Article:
The Accidental Locavore thinks that what goes on in the city should stay in the city, especially when it comes to the useless policy of not seating “incomplete” parties at restaurants. A recent trip to a Westchester restaurant, Farmer and the Fish, highlighted the inanity of this policy. We got there early, had drinks and oysters at the bar and were enjoying ourselves. The hostess came up to us and told us that our friends had called and said they were stuck in traffic and would be there as soon as they could.
As the bar was filling up and getting noisy, we asked to be seated and were told she’d have to check with the manager as it was against policy. Now, she knows that we’re there and our friends are obviously on their way, so it’s not like there’s going to be a no-show. Tim, the manager, refused her and then after a long conversation/disagreement refused us.
Besides being the worst sort of customer service, it’s a big revenue loser. Instead of sitting at the table increasing our check by enjoying a drink and maybe something to nibble, we were in the car fuming and trying to get a cell phone signal to find out how far away our friends were. And the table that they didn’t want to partially fill sat empty for a half an hour. Who does that benefit?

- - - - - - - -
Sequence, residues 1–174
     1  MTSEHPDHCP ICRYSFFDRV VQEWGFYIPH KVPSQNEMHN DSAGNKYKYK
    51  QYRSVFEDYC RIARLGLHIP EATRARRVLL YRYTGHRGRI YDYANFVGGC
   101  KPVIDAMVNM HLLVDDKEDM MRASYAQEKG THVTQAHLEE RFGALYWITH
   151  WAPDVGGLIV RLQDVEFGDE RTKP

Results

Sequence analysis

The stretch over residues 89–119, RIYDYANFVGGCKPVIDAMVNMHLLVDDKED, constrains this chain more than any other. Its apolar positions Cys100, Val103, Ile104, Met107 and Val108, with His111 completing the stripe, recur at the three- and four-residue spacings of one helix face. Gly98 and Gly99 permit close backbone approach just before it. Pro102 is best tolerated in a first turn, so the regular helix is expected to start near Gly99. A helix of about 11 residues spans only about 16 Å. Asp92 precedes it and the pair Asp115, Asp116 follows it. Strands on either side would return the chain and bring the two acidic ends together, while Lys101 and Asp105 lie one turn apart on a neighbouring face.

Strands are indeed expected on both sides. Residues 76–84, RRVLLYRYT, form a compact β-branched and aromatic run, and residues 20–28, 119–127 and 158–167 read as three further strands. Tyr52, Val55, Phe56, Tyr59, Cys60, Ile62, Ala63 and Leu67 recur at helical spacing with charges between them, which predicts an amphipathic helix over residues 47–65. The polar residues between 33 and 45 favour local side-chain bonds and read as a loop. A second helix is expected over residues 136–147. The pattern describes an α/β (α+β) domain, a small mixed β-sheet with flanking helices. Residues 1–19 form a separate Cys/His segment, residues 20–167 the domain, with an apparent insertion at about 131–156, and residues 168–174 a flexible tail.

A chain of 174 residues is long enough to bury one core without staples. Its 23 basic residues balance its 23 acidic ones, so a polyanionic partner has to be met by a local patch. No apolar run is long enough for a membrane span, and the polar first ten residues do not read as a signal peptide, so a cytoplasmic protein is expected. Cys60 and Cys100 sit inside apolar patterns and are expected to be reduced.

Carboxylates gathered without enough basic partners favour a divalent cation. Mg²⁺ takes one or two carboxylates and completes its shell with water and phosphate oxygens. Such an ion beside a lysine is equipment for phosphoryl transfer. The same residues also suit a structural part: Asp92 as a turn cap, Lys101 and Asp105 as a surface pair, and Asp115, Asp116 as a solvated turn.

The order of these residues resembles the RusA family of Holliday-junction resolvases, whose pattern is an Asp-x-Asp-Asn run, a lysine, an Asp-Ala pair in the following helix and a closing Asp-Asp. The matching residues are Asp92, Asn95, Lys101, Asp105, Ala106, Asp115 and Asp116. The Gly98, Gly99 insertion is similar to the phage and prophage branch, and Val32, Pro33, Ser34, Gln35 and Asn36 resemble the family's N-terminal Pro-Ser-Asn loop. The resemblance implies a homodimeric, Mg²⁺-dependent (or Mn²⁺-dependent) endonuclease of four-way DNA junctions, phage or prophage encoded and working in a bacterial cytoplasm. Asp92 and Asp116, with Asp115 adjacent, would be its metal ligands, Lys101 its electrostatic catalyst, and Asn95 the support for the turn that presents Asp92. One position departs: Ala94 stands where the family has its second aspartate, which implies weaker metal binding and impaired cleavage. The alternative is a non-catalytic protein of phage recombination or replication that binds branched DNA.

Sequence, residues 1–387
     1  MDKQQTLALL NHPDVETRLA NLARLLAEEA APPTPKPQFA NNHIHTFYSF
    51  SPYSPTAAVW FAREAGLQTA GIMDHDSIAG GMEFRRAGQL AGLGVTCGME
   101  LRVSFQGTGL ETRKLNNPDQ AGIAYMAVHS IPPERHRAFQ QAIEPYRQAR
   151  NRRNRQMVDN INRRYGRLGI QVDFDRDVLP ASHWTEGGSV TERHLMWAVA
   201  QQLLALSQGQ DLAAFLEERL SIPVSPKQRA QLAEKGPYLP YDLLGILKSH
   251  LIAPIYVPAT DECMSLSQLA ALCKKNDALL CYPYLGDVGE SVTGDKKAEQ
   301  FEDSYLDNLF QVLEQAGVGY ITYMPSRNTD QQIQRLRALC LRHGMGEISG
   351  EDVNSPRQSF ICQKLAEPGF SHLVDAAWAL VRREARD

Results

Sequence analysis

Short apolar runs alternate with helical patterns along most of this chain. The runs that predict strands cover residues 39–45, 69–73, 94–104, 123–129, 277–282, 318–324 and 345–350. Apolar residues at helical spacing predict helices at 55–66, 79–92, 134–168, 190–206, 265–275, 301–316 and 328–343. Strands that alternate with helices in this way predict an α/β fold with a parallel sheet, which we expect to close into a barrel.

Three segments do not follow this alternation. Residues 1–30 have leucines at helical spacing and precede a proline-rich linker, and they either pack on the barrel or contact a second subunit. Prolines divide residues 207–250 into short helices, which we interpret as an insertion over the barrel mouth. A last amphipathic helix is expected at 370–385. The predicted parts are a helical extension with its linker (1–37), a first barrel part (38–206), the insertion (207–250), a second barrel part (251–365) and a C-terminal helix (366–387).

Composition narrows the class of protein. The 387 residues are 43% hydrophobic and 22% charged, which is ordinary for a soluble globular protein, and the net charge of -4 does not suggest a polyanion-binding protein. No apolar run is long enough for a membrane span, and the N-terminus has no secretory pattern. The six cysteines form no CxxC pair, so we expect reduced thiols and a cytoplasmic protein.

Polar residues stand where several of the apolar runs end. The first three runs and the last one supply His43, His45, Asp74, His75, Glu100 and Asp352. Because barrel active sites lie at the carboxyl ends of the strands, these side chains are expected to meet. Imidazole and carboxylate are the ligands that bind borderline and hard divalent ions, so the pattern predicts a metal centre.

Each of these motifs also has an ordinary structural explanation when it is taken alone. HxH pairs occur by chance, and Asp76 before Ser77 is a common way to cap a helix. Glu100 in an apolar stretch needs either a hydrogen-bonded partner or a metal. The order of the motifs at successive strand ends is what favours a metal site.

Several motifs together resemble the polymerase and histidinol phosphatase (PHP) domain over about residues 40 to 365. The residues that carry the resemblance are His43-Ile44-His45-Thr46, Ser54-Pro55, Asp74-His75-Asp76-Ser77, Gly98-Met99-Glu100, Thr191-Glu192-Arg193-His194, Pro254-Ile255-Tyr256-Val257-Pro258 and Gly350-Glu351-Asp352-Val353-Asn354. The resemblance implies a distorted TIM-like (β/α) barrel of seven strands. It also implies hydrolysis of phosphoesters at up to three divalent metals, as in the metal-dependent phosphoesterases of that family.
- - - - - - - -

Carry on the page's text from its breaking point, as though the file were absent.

On top of that you know dinner is going to have to be spectacular to appease us. Why make the waitstaff and chefs bear the brunt of a stupid management decision? You only have one chance to make a first impression and my attitude was so abysmal that at this point it would take something like the escargots and chicken from L’Ami Louis (back in the day) to begin to make me smile. But of course, we’re not in Paris, and this is not L’Ami Louis.
I had a pork chop, which was weirdly salty throughout (probably brined and not rinsed well). Frank had a tuna burger which was much larger than its English muffin bun. Someone had a lobster roll, someone else scallops and there were more oysters for starters. For dessert there was a serviceable apple crisp/tart and an interesting-looking take on a bread pudding that everyone said was good.
The waitstaff was fine, friendly and helpful, but throughout the meal, Tim, the manager, was jovial with our host while subsequently managing to completely ignore us — hard to do, but he’s had practice.
Farmer & the Fish grow a lot of their own produce and source as much as they can locally, which is why our friends thought we would enjoy it and we might have, but sadly, an awful policy led to an evening best forgotten. Interestingly, on CBS This Morning, Saturday, Chef Mike Price was the guest and he said something that made me stop in my tracks. “You can look at people two ways when they walk in the door—like they’re lucky to be there or you’re lucky to have them.” Anyone at Farmer & the Fish listening?